Bob Dickinson is a writer and broadcaster based in Manchester.
Formed in Hull in the late 1960s, COUM Transmissions – members of which would later become Throbbing Gristle – pushed performance art to the limit, culminating in the 1976 ‘Prostitution’ show at the ICA which saw them vilified in the press. With a Hull City of Culture exhibition exploring the group’s legacy, Bob Dickinson speaks to founding member Cosey Fanni Tutti.
As part of the Super Slow Way programme in Lancashire, Los Angeles-based artist Suzanne Lacy is bringing the local community together through Sufi chanting, shape-note singing and a banquet for 500 people. Bob Dickinson finds out more.
As the search continues for a new home to house Rogue Artists’ Studios, Bob Dickinson visits a show of work by 11 of the building’s 100-plus artists and asks where next for artists in Manchester’s fast-changing city centre.
The fourth British Ceramics Biennial in Stoke-on-Trent comes as the industry in the city is enjoying a modest upturn. Reporting from the city, Bob Dickinson finds plenty of evidence of ceramic creativity alongside well-founded concerns over the loss of traditional industrial skills.
Following an introduction by Manchester International Festival Director Alex Poots and its Artistic advisor Hans Ulrich Obrist in 2013, artist Gerhard Richter and composer Arvo Pärt were inspired to make new work dedicated to each other. Bob Dickinson attended the premiére of this new collaboration at Mancheter’s renovated Whitworth, and discovered one of the highlights so far of MIF 2015.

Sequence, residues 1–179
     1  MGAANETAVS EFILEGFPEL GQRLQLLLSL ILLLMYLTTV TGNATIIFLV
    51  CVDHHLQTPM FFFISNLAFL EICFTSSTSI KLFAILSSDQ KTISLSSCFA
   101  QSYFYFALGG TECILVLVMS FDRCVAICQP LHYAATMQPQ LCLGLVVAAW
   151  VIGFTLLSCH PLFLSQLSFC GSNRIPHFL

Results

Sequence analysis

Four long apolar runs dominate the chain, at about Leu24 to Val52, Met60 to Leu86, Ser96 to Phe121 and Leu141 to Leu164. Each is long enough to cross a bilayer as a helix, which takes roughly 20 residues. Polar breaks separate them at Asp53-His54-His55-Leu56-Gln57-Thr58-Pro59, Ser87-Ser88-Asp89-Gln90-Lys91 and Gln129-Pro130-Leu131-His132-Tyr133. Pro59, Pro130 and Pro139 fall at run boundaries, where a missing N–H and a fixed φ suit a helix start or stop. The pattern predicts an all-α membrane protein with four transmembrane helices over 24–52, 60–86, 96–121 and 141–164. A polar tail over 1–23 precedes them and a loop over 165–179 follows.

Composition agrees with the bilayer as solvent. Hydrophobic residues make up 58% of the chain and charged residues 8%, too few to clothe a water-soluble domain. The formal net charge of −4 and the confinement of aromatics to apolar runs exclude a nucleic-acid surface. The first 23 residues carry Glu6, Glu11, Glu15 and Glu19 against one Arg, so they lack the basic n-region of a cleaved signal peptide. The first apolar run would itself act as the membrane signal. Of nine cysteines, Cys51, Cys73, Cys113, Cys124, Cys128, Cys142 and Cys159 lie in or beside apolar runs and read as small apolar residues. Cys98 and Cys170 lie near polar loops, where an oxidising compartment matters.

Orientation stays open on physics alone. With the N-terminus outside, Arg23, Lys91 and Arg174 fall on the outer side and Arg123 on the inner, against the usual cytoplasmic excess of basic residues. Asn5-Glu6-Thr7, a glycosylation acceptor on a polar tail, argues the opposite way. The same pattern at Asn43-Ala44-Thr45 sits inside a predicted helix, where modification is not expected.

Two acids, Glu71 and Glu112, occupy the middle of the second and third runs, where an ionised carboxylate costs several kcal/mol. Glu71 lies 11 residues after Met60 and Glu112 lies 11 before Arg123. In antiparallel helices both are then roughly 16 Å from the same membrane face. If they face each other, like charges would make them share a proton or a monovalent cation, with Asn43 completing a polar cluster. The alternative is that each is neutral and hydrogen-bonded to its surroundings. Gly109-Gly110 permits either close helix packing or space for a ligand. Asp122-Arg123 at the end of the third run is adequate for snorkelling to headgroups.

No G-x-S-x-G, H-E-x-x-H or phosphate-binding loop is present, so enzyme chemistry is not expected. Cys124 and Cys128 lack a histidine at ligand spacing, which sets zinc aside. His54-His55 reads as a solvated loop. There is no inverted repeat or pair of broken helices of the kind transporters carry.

An ambitious new artist-led festival is taking place across Manchester and Salford this weekend, with studio spaces and major venues hosting a number of projects produced especially for the festival alongside, open studios across both cities. Bob Dickinson meets artists and festival directors Elisa Artesero, John Lynch and Roger Bygott to find out more.
Continuing its cross-artform commissioning process, the Manchester International Festival production Tree of Codes teams choreographer Wayne McGregor with visual artist Olafur Eliasson and musician Jamie XX. Bob Dickinson is mesmerised.
Since 2003, In Certain Places has been developing new and unusual art projects for the city of Preston. As the UCLan-backed organisation opens its doors for a short exhibition of work by four emerging artists, Bob Dickinson discovers more about its sociable approach to public art.
As HOME, Manchester’s new space for art, theatre and cinema, fully opens to the public, Bob Dickinson looks at its place in the city’s arts ecology, the significance of its cross-disciplinary approach to commissioning, and where it sits in the city’s wider regeneration plans and the creation of a ‘northern powerhouse’.
After a £15m redevelopment, Manchester’s Whitworth Art Gallery reopens with a stunning redesign that has doubled its size and opened it up to the public park it backs on to. All the better for displaying new shows by artists including Cornelia Parker, Sarah Lucas and Thomas Schütte, reports Bob Dickinson.
The recently opened Bury Sculpture Centre is sited in two large rooms that until recently were part of the Lancashire town’s central library. But while the move has prompted protests from local people, the centre’s instigator insists it is not a case of library services being cut to make way for a new art space.
This year’s FutureEverything in Manchester included an art programme looking at the role of technology in the cities of the future, and exploring how mass data gathering and surveillance is affecting our lives. Bob Dickinson reports from the festival’s ‘pop-up urban experiment’.